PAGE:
Discursive methods of communication create conversations through dialogue and debate, in contrast to directive methods, such as ‘here is a question’ and ‘here is an answer’. A lack of conversations can have an adverse impact on change efforts, since it indicates that individuals are unable to openly share their view and ideas. Spaces need to be created for conversations that develop and foster change through authentic discussions. To create conversations which are authentic means suspending assumptions and entering into a genuine dialogue which enables individuals to contribute to decisions as well as share views, concerns and ideas in an honest and open way.

Effective dialogue also involves taking time to listen to stakeholders’ views, ideas and concerns, as well as giving feedback to stakeholders about what they said and responses to it. If it is not possible to take actions based on views and ideas, then reasons need to be provided for why this is the case.

Building and maintaining trust

Trust is crucial for building stakeholder support: stakeholders will be unlikely to engage and surface their concerns, or even ideas, in a space where they do not trust managers and/or leaders. People are more likely to voice their opinions to people they trust.

Building trust means keeping appropriate boundaries, being sensitive to social and cultural cues and being fair. It involves having the ability to ethically do the right thing; being guided by principles of benevolence and well-meaning, especially in treating people with respect; having integrity and being honest; and keeping promises.

When a promise is broken, trust is also damaged. This was illustrated in the case of Kraft’s Irene Rosenfeld when she reneged on her pre-merger pledge not to close Cadbury’s chocolate factory in Somerdale, UK. Trust is therefore fragile – it is extremely hard to gain but amazingly easy to lose.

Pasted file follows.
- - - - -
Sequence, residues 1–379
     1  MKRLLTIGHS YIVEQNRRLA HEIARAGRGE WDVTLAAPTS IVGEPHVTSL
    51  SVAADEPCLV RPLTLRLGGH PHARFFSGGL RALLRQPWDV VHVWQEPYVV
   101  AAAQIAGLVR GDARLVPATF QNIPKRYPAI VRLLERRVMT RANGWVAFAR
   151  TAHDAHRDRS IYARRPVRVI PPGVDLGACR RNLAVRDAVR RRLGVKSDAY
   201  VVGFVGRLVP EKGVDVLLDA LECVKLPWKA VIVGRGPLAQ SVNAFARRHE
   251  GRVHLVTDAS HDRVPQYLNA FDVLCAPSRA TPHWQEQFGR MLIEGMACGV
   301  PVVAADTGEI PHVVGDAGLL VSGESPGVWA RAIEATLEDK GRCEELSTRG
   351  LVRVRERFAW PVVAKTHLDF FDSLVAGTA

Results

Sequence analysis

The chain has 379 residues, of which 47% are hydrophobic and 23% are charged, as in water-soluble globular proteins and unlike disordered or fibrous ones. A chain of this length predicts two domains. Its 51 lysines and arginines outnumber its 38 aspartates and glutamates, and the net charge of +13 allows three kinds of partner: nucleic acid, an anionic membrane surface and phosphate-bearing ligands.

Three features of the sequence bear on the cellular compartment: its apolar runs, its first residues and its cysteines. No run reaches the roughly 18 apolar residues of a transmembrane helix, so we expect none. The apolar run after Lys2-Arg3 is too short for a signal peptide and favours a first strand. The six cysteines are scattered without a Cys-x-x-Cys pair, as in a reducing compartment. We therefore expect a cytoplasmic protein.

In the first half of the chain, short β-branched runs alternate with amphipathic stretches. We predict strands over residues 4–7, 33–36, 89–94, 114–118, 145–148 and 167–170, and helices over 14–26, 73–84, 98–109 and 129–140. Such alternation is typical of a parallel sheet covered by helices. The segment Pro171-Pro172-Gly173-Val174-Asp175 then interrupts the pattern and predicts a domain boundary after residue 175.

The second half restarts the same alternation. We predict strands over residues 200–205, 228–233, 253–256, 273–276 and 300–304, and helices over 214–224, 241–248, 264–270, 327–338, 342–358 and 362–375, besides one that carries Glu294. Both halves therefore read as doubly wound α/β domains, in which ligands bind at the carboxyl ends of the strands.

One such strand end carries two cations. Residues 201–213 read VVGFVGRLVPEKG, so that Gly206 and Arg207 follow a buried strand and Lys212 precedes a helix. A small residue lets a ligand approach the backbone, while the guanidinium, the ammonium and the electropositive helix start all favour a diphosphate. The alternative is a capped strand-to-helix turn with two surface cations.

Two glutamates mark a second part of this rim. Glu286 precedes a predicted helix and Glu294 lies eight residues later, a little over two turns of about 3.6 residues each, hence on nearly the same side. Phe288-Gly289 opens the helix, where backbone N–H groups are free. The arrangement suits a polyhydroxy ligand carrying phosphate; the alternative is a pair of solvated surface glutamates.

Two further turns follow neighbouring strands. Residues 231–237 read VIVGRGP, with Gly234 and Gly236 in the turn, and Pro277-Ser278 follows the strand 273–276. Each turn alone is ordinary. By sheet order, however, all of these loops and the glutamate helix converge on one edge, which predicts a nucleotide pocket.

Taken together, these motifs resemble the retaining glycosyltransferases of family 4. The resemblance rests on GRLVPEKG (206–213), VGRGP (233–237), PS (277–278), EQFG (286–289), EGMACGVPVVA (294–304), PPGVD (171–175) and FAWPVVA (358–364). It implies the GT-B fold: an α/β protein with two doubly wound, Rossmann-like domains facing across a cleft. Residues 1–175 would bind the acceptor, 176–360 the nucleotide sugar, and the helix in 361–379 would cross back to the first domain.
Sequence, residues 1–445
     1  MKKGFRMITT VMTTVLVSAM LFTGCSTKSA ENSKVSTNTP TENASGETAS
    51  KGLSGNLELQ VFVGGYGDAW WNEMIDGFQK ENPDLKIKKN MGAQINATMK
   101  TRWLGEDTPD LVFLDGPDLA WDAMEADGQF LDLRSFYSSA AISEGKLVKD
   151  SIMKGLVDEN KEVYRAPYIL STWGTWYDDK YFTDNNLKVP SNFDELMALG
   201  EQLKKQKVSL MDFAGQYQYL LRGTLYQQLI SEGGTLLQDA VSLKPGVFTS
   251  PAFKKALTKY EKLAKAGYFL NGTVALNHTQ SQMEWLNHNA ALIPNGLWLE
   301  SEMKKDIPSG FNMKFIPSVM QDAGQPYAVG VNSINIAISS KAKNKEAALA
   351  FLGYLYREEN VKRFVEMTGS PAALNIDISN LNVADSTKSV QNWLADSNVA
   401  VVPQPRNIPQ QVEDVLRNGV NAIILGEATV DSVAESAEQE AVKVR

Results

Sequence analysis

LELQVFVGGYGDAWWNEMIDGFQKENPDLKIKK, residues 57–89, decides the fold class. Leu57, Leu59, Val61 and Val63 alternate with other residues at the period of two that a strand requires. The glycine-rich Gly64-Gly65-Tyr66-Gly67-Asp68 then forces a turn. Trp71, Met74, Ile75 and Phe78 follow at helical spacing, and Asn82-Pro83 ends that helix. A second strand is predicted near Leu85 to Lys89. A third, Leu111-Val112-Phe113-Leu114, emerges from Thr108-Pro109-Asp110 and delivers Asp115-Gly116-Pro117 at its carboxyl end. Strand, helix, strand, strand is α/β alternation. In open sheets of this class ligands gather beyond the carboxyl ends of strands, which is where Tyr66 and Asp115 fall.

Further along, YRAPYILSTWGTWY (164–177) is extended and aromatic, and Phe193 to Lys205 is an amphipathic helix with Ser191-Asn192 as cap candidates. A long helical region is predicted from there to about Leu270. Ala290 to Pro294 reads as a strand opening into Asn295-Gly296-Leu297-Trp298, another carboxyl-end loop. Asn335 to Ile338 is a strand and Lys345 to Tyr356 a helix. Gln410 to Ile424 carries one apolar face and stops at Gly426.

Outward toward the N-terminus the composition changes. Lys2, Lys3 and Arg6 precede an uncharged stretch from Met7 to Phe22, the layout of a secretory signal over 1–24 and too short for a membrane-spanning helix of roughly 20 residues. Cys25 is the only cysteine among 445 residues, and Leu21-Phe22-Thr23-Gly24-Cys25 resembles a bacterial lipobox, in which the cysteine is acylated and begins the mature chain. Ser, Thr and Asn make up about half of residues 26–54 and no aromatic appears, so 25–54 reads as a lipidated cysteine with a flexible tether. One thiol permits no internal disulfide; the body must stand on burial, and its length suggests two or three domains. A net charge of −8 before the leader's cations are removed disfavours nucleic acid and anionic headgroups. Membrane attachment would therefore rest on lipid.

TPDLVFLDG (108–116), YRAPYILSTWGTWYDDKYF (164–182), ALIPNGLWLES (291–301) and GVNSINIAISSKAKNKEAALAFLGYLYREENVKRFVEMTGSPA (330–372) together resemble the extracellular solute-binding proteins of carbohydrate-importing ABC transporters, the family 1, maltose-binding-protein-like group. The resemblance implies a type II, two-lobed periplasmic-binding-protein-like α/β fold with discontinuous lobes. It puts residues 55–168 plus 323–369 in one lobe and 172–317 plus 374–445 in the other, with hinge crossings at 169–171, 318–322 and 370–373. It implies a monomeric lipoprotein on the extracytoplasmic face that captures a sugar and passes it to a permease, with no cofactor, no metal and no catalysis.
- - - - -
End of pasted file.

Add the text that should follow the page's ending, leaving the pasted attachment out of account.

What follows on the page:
Violations of trust can occur in many ways; managers may say one thing and do another or they may fail to listen. When trust is violated, individuals are likely to express emotions such as anger, frustration, and resentment and also to withdraw their support, reduce their effort and commitment, and even sabotage the change effort. So, trust is a key element of building stakeholder support.

Co-creating change

Co-creation is about creating an active partnership with stakeholders in the development of change. It means constructing or negotiating change with, rather than for stakeholders.

The co-creation of change requires that power is more widely distributed across the organization and amongst stakeholders. This means that stakeholders become more of a collaborative community of individuals looking to co-create initiatives rather than a collection of people waiting to implement something.

There is, however, also a need to be very clear with stakeholders about what is within their remit to influence, as well as what is not up for negotiation, and what the reasons for this are. This helps to manage expectations and helps people to understand and accept those decisions which are a given and not negotiable.

Only by engaging stakeholders does change have a chance to be successful. Engagement of stakeholders with organizational change is ‘a must-do, not nice-to-have’, activity since there are clear benefits for the organization when people engage across functional and business unit boundaries in order to bring a range of perspectives and drive change and innovation.